Are you ready for the child with status epilepticus (SE)? There is a good chance you are not fully prepared. The things that will be needed are:
* an understanding of the definitions and causes of SE and how SE can cause death or central nervous system (CNS) residua;
* a knowledge base about the different categories of SE and which are most dangerous;
* an understanding of how and why the diagnosis of SE can be missed; and
* ready availability of equipment and medications to manage SE.
This editorial discusses these issues.
Approximately one-third of patients with SE have idiopathic epilepsy and SE may be the first manifestation of epilepsy or occur after other seizures.1"3 Slightly more than half of SE events are symptomatic of another condition, such as head trauma, an electrolyte disturbance, or a CNS infection ("acute symptomatic" SE). The approximate percentages of SE children with various precipitating conditions are as follows3: febrile seizures - 36%; change in anticonvulsants - 20%; unknown - 9%; metabolic - 8%; congenital - 7%; anoxia - 5%; CNS infection - 5%; head trauma- 4%; cerebrovascular accident - 3%; poisoning, drug related- 2%; and CNS tumor1%.
Atypical febrile seizures can meet criteria for SE, and because febrile seizures are so common, they represent the largest group. Fortunately, SE from febrile seizures is much less damaging than that from most other acute symptomatic types, so it is generally classified separately.3,4 In addition, although focal seizures without loss of consciousness or recurrent petit mal seizures can last longer than 30 minutes and thus qualify as SE, they are also less dangerous and not the same medical emergency as an equal duration of continuous or repeated generalized seizures with loss of consciousness or persistent postictal depression.3
The mortality of SE in general remains significant, although it has dropped during the past 50 years to current death rates somewhat below 8% for children and 30% for adults. Most deaths are due to whatever produced an acute symptomatic SE, but as many as 3% of children and 10% of adults with SE seem to die from the SE itself. SE can thus be connected with morbidity and mortality in three ways. (1) Sequelae and seizures both may be caused by another condition (as above). (2) Seizures may produce systemic abnormalities that cause damage. (3) SE electrical activity and its disturbances inside the brain may cause death or disability. Dissecting which of these produces various components of injury is difficult in patients, but important for optimal management of SE.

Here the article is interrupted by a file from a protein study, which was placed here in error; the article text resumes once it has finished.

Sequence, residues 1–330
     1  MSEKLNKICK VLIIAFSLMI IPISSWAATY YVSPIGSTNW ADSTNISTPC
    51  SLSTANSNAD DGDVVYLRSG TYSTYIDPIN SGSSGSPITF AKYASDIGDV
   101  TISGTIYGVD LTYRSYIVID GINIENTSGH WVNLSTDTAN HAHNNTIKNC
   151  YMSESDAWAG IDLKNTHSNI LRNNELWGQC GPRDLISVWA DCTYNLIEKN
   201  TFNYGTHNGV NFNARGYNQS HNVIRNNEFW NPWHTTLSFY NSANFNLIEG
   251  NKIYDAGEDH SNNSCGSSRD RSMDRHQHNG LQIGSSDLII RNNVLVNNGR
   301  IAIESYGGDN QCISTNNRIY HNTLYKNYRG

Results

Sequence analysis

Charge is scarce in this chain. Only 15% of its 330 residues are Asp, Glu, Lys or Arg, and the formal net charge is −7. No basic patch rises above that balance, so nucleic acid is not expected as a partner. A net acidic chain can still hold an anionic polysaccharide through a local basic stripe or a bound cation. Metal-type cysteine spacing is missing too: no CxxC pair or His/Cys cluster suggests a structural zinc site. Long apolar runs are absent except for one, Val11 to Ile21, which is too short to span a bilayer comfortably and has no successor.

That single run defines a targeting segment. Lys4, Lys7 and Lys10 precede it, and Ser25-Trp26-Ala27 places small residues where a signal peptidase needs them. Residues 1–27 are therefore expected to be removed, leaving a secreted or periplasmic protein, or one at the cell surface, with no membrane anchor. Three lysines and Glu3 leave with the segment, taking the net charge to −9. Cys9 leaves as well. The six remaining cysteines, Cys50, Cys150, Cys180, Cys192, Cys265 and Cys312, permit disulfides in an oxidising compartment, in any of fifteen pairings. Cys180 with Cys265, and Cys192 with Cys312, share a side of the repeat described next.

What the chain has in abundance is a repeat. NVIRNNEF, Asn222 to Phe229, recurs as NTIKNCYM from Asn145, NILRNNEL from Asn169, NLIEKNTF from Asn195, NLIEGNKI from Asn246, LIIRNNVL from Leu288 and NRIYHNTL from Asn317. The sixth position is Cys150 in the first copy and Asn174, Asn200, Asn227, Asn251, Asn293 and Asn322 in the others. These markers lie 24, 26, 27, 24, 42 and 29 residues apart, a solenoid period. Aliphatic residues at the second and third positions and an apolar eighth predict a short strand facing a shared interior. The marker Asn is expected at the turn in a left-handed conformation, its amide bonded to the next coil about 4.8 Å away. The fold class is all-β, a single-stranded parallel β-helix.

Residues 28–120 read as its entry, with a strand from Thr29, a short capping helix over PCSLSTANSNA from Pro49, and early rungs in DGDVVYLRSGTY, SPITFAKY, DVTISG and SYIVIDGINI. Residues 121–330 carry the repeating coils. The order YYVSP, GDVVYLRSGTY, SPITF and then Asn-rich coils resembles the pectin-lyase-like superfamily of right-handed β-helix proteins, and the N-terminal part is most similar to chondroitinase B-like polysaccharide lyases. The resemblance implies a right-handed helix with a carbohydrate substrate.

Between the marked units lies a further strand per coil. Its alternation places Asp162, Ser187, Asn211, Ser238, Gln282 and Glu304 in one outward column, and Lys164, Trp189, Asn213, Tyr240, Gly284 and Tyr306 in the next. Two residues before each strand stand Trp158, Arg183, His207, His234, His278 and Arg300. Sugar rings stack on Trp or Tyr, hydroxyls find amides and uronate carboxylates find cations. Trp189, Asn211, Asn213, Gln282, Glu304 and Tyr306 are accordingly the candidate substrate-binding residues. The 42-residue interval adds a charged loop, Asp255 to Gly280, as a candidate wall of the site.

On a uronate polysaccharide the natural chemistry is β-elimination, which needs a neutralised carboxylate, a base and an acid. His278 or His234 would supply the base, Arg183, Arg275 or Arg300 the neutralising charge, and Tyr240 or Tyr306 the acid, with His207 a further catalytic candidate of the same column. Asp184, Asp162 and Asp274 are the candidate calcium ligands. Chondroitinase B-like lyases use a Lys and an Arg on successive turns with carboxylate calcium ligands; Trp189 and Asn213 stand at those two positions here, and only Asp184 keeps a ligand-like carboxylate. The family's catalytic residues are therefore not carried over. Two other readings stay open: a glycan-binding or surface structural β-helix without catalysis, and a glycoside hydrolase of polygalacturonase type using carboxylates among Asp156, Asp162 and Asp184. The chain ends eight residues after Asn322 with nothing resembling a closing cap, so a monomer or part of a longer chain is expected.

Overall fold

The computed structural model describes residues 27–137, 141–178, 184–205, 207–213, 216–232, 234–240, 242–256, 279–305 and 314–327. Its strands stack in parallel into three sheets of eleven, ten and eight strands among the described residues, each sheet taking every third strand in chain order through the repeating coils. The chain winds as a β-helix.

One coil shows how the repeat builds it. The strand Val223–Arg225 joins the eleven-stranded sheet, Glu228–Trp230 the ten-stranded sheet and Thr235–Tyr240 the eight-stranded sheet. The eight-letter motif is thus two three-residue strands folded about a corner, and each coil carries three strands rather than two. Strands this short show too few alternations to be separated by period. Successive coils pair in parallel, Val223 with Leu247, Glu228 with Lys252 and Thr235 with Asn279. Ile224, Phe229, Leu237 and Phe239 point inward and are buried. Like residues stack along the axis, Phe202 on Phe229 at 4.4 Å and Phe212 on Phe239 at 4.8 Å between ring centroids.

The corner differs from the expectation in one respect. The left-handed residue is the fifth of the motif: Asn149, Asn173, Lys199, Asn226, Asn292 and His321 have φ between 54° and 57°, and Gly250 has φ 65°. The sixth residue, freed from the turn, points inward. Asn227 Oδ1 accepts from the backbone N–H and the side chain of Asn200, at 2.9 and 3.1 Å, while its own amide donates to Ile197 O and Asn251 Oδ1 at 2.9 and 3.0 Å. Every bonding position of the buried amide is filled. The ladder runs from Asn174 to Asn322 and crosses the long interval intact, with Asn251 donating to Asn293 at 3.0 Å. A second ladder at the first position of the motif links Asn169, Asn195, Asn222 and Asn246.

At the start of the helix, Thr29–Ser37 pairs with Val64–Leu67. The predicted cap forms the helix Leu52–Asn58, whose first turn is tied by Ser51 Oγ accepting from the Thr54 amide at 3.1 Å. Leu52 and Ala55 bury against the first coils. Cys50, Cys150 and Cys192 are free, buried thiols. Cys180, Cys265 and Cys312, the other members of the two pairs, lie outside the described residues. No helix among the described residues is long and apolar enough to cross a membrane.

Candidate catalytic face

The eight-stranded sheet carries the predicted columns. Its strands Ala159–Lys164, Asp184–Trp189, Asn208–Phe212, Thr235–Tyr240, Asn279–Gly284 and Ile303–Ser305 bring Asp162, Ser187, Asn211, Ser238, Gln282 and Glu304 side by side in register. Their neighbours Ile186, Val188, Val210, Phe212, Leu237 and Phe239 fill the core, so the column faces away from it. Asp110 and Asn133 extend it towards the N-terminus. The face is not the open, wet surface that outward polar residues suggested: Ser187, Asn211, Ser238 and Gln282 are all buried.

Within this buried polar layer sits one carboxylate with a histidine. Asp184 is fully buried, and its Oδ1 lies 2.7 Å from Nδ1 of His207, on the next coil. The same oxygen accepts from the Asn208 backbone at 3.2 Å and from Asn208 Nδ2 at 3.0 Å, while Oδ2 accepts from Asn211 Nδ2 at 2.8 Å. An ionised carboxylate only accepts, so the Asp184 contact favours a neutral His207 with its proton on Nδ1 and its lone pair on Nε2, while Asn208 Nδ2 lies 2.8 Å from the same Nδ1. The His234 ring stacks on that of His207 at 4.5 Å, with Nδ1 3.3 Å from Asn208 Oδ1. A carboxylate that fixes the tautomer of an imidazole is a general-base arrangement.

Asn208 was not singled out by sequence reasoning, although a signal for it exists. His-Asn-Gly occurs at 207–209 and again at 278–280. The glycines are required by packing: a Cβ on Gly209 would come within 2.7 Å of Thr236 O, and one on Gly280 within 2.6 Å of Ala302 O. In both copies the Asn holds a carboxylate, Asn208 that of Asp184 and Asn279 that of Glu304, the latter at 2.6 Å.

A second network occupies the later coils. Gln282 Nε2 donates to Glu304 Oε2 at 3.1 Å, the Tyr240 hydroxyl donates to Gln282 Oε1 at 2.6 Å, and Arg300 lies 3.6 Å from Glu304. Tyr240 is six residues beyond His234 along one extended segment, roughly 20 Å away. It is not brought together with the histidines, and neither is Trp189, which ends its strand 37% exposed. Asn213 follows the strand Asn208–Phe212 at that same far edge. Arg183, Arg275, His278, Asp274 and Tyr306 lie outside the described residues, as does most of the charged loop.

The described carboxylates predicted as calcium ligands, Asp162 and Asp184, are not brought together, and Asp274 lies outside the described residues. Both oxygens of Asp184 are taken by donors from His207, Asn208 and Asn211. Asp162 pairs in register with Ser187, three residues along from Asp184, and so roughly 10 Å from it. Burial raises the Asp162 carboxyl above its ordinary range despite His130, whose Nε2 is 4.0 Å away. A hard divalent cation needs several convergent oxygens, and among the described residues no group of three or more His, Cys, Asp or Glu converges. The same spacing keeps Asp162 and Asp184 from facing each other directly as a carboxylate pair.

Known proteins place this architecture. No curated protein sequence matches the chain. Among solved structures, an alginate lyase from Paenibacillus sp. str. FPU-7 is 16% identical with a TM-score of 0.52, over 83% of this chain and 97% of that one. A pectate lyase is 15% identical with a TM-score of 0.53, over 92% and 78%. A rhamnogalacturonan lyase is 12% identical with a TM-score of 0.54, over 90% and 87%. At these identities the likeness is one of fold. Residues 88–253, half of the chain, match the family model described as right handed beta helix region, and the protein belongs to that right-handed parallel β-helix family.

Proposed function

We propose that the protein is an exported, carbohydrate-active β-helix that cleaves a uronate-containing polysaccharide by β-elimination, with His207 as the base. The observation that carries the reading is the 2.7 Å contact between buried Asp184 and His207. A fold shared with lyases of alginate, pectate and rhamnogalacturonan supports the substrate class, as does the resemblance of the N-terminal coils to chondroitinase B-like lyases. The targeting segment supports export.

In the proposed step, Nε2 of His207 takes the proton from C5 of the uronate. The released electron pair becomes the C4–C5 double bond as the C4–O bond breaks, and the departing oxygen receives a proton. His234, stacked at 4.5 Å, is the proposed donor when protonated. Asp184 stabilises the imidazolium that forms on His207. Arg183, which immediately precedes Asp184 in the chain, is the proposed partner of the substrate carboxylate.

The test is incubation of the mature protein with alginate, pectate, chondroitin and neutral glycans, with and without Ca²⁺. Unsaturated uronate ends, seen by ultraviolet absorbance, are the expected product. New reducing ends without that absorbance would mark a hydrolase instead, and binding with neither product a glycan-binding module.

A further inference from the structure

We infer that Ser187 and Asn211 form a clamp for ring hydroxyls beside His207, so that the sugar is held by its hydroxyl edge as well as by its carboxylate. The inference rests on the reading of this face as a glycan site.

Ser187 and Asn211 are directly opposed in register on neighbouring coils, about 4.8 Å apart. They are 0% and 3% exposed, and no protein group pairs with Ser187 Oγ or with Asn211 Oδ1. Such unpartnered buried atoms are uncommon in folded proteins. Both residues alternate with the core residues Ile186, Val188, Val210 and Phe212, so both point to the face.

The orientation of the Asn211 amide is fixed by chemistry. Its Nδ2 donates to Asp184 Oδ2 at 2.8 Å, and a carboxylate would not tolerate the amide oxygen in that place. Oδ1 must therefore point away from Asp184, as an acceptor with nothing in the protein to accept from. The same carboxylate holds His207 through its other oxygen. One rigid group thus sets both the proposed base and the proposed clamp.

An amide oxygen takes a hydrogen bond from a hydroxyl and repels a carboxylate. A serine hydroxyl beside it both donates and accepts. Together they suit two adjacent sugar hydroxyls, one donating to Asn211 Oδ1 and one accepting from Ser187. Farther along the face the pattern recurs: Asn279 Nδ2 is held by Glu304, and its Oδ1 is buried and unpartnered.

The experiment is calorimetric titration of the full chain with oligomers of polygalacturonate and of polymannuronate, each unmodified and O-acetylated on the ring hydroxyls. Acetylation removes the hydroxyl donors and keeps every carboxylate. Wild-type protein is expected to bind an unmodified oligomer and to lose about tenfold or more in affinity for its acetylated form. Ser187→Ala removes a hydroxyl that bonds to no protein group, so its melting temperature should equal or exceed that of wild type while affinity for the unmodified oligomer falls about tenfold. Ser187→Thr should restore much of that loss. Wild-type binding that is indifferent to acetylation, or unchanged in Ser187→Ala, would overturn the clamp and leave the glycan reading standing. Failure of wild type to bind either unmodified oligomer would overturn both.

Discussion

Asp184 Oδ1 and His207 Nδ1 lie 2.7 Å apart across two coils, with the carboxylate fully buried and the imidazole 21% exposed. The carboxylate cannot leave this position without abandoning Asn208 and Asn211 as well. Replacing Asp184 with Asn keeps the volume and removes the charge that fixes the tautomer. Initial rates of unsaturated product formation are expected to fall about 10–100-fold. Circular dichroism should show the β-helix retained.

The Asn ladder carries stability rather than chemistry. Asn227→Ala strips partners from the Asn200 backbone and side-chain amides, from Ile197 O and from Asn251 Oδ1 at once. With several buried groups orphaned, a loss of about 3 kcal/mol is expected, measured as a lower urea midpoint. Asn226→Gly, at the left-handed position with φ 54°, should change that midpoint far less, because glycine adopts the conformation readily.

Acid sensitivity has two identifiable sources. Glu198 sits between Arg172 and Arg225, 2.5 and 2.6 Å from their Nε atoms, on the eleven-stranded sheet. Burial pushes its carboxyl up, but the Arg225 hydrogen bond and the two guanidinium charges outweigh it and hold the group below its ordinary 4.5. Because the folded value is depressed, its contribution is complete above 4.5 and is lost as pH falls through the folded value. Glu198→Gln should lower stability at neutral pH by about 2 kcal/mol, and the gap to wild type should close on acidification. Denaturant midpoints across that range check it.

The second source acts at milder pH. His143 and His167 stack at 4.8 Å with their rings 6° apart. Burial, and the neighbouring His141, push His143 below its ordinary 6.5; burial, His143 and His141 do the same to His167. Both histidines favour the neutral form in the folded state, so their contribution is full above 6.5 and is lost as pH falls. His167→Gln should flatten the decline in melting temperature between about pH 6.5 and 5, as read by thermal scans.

MEANWHILE. IN THE LAB
Animal experiments should be reduced or avoided whenever the same information can be obtained in some less obtrusive way. But, animal experiments have helped sort this out and are a good example of how such studies can directly enhance clinical practice.5 By giving specific seizure-producing drugs, damage due to (2) and (3) can be studied without worrying about (1). Then, by reducing or eliminating systemic effects of SE (2), the injury that remains must be from (3).
For example, SE can be induced in baboons by giving bicuculline. During SE, brain metabolism increased as much as ninefold. Initial hypertension to systolic pressures above 200 mm Hg eventually gave way to hypotension. Blood pH transiently dropped from 7.4 to an average low of 6.6, whereas arterial PCO increased dramatically. There was venous dilatation and increased circulation in the brain. Serum bicarbonate levels fell, whereas lactate concentrations increased and eventually normalized. The animals became hyperpyrexic, some to as high as 43°C. The most significant electrolyte change was hyperkalemia. Arterial oxygen temporarily dropped to 70 to 80 mm Hg. Serum glucose initially rose, but later dropped to normal and eventually to severe hypoglycemia. Most of these systemic changes would be expected to produce cerebral edema or to cause or augment brain damage in other ways.
Confirming this, 10 baboons were subjected to prolonged SE and 5 had cellular injury in the cerebral cortex, hippocampus, thalamus, and cerebellum. This resembled ischemia and had similarities to autopsy findings of children who die of SE. Four of the 5 experienced herniation (which is rare in children with SE). The remaining 5 had no histologic brain abnormalities. To separate systemic effects (2) from direct seizure effects (3), the scientists compared the two groups for systemic effects and found that the 5 with CNS damage had been more hyperpyrexic during SE.